The first act of the play opens amidst thunder and lightning, with the Three Witches deciding that their next meeting shall be with Macbeth. In the following scene, a wounded captain reports to King Duncan of Scotland that his generals Macbeth, who is the Thane of Glamis, and Banquo have just defeated the allied forces of Norway and Ireland, who were led by the rebel Macdonald. Macbeth, the King's kinsman, is praised for his bravery and fighting prowess.
The scene changes. Macbeth and Banquo enter, discussing the weather and their victory ("So foul and fair a day I have not seen"). As they wander onto a heath, the three Witches, who have been waiting, greet them with prophecies. Even though it is Banquo who first challenges them, they address Macbeth. The first hails Macbeth as "Thane of Glamis", the second as "Thane of Cawdor", and the third proclaims that he shall "be King hereafter". Macbeth appears to be stunned to silence, so again Banquo challenges them. The Witches inform Banquo he shall father a line of kings, though he himself will not be one. While the two men wonder at these pronouncements, the Witches vanish, and another Thane, Ross, a messenger from the King, arrives and informs Macbeth of his newly bestowed title—Thane of Cawdor. The first prophecy is thus fulfilled. Immediately, Macbeth begins to harbour ambitions of becoming king.
Macbeth writes to his wife about the Witches' prophecies. When Duncan decides to stay at the Macbeths' castle at Inverness, Lady Macbeth hatches a plan to murder him and secure the throne for her husband. Although Macbeth raises concerns about the regicide, Lady Macbeth eventually persuades him, by challenging his manhood, to follow her plan.
On the night of the king's visit, Macbeth kills Duncan. The deed is not seen by the audience, but it leaves Macbeth so shaken that Lady Macbeth has to take charge. In accordance with her plan, she frames Duncan's sleeping servants for the murder by planting bloody daggers on them. Early the next morning, Lennox, a Scottish nobleman, and Macduff, the loyal Thane of Fife, arrive. The drunken porter opens the gate and Macbeth leads them to the king's chamber, where Macduff discovers Duncan's corpse. In a feigned fit of anger, Macbeth murders the guards before they can protest their innocence. Macduff is immediately suspicious of Macbeth, but does not reveal his suspicions publicly. Fearing for their lives, Duncan's sons flee, Malcolm to England and his brother Donalbain to Ireland. The rightful heirs' flight makes them suspects and Macbeth assumes the throne as the new King of Scotland as a kinsman of the dead king.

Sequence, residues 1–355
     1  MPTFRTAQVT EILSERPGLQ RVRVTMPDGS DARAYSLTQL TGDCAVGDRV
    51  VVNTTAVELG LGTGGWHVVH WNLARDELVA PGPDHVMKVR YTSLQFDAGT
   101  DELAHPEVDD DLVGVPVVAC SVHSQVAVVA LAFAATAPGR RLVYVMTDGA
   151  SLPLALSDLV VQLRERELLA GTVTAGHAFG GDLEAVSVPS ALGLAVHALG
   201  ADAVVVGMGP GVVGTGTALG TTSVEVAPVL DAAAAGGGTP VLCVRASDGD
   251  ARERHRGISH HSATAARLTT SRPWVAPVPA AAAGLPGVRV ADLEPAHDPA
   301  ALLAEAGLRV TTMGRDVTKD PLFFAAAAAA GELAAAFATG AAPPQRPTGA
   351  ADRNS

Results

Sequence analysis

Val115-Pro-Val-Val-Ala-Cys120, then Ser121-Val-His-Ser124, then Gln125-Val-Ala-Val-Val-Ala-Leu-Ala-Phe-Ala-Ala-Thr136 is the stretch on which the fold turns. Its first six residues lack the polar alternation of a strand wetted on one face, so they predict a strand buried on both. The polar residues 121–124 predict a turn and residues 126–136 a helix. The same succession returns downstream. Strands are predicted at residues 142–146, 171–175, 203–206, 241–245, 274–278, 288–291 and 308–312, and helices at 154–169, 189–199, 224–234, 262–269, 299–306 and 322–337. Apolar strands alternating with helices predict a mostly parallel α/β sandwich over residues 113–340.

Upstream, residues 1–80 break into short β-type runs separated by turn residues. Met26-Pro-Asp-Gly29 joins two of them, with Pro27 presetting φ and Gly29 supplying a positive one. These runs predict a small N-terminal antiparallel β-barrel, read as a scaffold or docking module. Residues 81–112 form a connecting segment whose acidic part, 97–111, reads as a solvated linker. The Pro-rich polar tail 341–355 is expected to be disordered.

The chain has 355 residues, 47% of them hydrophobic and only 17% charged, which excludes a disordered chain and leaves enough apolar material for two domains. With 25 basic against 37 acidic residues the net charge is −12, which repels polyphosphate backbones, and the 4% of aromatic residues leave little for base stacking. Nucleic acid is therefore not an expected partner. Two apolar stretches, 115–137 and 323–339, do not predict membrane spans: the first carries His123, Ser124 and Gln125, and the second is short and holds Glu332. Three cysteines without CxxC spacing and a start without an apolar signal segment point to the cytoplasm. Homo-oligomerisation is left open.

Despite his success, Macbeth remains uneasy about the prophecy about Banquo. So Macbeth invites him to a royal banquet and discovers that Banquo and his young son, Fleance, will be riding out that night. He hires two men to kill them. A third murderer appears mysteriously in the park before the murder. While the assassins kill Banquo, Fleance escapes. At the banquet, Banquo's ghost enters and sits in Macbeth's place. Only Macbeth can see the spectre; the rest panic at the sight of Macbeth raging at an empty chair, until a desperate Lady Macbeth orders them to leave.
Macbeth, disturbed, goes to the Witches once more. They conjure up three spirits with three further warnings and prophecies, which tell him to "beware Macduff", but also that "none of woman born shall harm Macbeth" and he will "never vanquish'd be until Great Birnam Wood to high Dunsinane Hill shall come against him". Since Macduff is in exile in England, Macbeth assumes that he is safe; so he puts to death everyone in Macduff's castle, including Macduff's wife and their young children.
Lady Macbeth becomes racked with guilt from the crimes she and her husband have committed. In a famous scene, she sleepwalks and tries to wash imaginary bloodstains from her hands, all the while speaking of the terrible things she knows.
In England, Malcolm and Macduff are informed by Ross that "your castle is surprised, your wives and babes savagely slaughtered." Macbeth, now viewed as a tyrant, sees many of his thanes defecting. Malcolm leads an army, along with Macduff and Englishmen Siward (the Elder), the Earl of Northumberland, against Dunsinane Castle. While encamped in Birnam Wood, the soldiers are ordered to cut down and carry tree limbs to camouflage their numbers, thus fulfilling the Witches' third prophecy. Meanwhile, Macbeth delivers a famous soliloquy ("Tomorrow, and tomorrow, and tomorrow") upon his learning of Lady Macbeth's death (the cause is undisclosed, and it is assumed by some that she committed suicide, as Malcolm's final reference to her reveals "'tis thought, by self and violent hands / took off her life").
A battle culminates in the slaying of the young Siward and Macduff's confrontation with Macbeth. Macbeth boasts that he has no reason to fear Macduff, for he cannot be killed by any man born of woman. Macduff declares that he was "from his mother's womb untimely ripp'd" (i.e., born by Caesarean section) and was therefore not "of woman born". Macbeth realizes, too late, the Witches have misled him. Macduff beheads Macbeth off stage and thereby fulfills the last of the prophecies.
Although Malcolm is placed on the throne and not Fleance, the witches' prophecy concerning Banquo, "Thou shalt [be]get kings", was known to the audience of Shakespeare's time to be true, for James I of England (also James VI of Scotland) was supposedly a descendant of Banquo.